coronavirus illinois

Illinois Coronavirus Updates: New Restrictions Take Effect in 2 Suburban Counties

Note: Any news conferences from Gov. J.B. Pritzker or Chicago Mayor Lori Lightfoot will be streamed in the video player above.

New restrictions took effect Wednesday in two suburban counties seeing a sustained increase in their coronavirus testing positivity rate - with restaurant owners bracing for the impact on their businesses.

At the same time, the state of Illinois reported more than 2,100 new cases and 37 additional death, lifting the statewide total to more than 225,000 cases.

Here are the latest updates from around the state on the fight against coronavirus today (Aug. 27):

Drivers Reminded Not to Hang Face Masks from Rear View Mirror, May Result in Fine

AAA Auto group and the Illinois State Police are reminding drivers not to use their rear view mirror to store face masks amid the pandemic.

As the coronavirus crisis continues, many people have been found oftentimes hanging several face masks on their rear view mirror.

And while doing do could lead to a citation, hanging any object from the mirror is considered illegal.

“We and the Illinois State Police both want to remind all drivers to not hang anything on the rearview mirrors,” said AAA Auto group spokesperson Molly Hart.

“It is against the law, and depending on the circumstances, either the size or the swinging movement of such items can interfere with a driver’s view of a pedestrian, a motorcyclist, bicyclist or even a full-sized vehicle. Drivers can receive a warning or citation.”

A citation for hanging an object on a rear view mirror can cost up to $164.

Illinois Reports 1,707 New Coronavirus Cases, 24 Additional Deaths

The state of Illinois reported more than 1,700 new cases of coronavirus and 24 additional fatalities in the last 24 hours, public health officials announced on Thursday.

According to data from the Illinois Department of Public Health, the 1,707 new cases reported Thursday bring the total to 227,334 cases throughout Illinois since the pandemic began earlier this year.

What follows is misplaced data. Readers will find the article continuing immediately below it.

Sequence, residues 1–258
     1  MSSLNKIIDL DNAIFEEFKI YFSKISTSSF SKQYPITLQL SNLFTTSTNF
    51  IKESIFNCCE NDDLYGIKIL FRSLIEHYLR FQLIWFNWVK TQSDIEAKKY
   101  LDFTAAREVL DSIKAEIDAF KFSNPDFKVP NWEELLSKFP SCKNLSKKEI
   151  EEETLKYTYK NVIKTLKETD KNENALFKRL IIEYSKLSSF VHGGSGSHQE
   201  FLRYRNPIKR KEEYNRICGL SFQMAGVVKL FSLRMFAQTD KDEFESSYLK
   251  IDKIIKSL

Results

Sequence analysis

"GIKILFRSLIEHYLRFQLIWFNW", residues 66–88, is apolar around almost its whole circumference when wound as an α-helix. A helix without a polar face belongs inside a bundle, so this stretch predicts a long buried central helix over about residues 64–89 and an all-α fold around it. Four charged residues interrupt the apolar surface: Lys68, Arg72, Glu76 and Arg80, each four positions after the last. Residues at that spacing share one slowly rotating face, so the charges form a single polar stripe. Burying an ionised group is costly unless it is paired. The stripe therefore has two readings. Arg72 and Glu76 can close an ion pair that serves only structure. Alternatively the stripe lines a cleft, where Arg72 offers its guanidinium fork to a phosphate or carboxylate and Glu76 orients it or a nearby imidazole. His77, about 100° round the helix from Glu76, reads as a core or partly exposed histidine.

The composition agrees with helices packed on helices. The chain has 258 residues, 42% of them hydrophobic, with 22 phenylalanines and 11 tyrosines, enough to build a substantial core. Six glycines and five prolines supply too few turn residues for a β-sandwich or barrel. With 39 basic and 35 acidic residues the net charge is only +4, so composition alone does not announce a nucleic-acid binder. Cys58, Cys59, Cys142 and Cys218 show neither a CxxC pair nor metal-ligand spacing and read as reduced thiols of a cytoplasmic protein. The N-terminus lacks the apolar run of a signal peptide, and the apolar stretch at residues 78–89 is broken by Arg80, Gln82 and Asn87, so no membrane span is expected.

The 24 additional fatalities bring the state’s total number of deaths related to the virus to 7,977, data shows.

Marking a slight drop from one day earlier, the state reported 44,510 new test results Thursday. Those test results bring the state’s total to 3,875,922 tests during the pandemic.

The statewide seven-day positivity rate increased from 4.0% to 4.1% on Thursday, reversing the slight drop seen in that metric the day before.

Hospitalization metrics increased on Thursday as well, health officials said. A total of 1,631 people were hospitalized with coronavirus as of Thursday, health officials said. Of those, 390 were in intensive care units and 151 were on ventilators.

These Are the New Coronavirus Restrictions Taking Effect in Kankakee, Will Counties

New coronavirus restrictions took effect Wednesday in one of Illinois' 11 healthcare regions that includes south suburban Kankakee and Will counties, which continue to see increases in their testing positivity rates.

Under the new rules, indoor service at both bars and restaurants will be suspended until further notice, according to Gov. J.B. Pritzker. The full list of restrictions is as follows, per the governor's office:


  • No indoor service 
  • All outside bar service closes at 11 p.m.
  • All bar patrons should be seated at tables outside 
  • No ordering, seating, or congregating at bar (bar stools should be removed) 
  • Tables should be 6 feet apart  
  • No standing or congregating indoors or outdoors while waiting for a table or exiting
  • No dancing or standing indoors